Oh, and if you run too much, the noise you make will trigger the velociraptor’s curiosity and you’ll soon find yourself set on a red-screened course for imminent death. Instead, it’s best to play Aftermath slowly and quietly, relying on your wrist-worn compass for navigation and taking advantage of environmental triggers like an alarm or radio to distract the velociraptor and throw her off your trail while you solve puzzles.
“You're essentially ringing the dinner bell for a velociraptor to go to a feeding station or something and go to an area of the lab,” Gomez says. “And that'll buy you 10 seconds to run to a new hiding space or do the thing you've got to do and get the hell out.”
Rest assured Aftermath isn’t straight-up VR horror, so players of varying degrees of mental fortitude will be able to stomach the game’s panic-inducing scenarios. Personally, I worried it would prove too intense for my tastes. After all, I still haven’t been able to beat Half Life: Alyx’s “Jeff” level and I also noped out of Alien: Isolation, both of which employ gameplay elements similar to Aftermath. But after a tense initial hour of play during which I remained in a crouch pose and very, very, very cautiously moved throughout the facility while occasionally turning noisy cranks so painfully slowly that it seemed five minutes had passed, my anxiety lessened. Aftermath isn’t a cheap game rife with jump scares akin to Five Nights at Freddy’s. If you make too much noise and alert the velociraptors, well, then that’s on you.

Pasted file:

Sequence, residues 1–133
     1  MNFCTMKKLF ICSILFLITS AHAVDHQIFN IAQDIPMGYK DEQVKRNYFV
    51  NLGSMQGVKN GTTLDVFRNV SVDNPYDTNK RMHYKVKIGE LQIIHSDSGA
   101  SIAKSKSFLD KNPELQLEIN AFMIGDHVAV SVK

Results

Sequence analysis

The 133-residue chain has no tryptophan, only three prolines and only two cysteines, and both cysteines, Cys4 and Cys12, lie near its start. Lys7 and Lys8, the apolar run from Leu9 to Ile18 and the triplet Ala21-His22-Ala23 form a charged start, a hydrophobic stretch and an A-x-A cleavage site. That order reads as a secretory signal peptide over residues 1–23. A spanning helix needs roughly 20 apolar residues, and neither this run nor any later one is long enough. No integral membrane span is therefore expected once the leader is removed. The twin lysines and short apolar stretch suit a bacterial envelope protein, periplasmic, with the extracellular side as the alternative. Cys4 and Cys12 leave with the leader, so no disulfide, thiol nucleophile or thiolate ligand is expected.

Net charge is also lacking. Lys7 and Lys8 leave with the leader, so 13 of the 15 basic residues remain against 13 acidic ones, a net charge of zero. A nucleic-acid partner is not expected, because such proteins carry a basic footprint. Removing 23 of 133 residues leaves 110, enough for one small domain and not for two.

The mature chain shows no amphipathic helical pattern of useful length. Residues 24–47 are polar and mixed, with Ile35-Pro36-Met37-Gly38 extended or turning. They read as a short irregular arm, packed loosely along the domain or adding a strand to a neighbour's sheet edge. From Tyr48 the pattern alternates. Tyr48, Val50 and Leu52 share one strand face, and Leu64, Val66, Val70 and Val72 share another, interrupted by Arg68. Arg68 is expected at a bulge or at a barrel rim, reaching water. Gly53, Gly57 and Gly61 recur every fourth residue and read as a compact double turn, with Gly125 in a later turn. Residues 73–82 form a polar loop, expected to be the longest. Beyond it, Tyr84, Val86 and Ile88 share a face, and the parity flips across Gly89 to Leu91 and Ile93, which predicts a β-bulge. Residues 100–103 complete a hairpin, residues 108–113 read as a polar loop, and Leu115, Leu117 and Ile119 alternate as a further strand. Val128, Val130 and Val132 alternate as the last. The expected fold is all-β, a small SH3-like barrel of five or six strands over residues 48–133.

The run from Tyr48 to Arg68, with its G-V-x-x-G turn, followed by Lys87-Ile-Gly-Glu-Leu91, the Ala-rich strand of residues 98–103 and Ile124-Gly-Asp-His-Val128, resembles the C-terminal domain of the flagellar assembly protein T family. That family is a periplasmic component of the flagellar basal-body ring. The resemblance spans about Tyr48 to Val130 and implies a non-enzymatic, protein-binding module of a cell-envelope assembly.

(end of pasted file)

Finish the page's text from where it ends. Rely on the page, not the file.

Coatsink worked closely with Gomez’s team at Universal to ensure a delicate balance to Aftermath’s fear-based gameplay so that it would be welcoming to all fans of the Jurassic franchise.
“We just tried to strike a similar tone to the films because the films often move seamlessly from those moments of terror into those moments of wonder,” he says.
“There's times where you've just spent the last 20 minutes playing hide-and-seek with a velociraptor and it's sort of super intense. And then you'll get to an area of the lab where you look out the window and there's a flock of pterodactyls flying by.”
Easing that tension somewhat is the game’s distinct, comic-book-like art style. The simple, flat-shaded look of the environments and dinosaurs, with their thick-inked outlines, helps to dial down the terror, making it easier for nervous players (like myself) to progress. And it makes sense: A one-on-one encounter with a cartoon velociraptor is much more tolerable for audiences than one with glistening teeth, flaring nostrils, and a feathery coat. It’s an intentional design shift away from the Jurassic franchise’s bread-and-butter aesthetic of realistic CGI dinosaurs.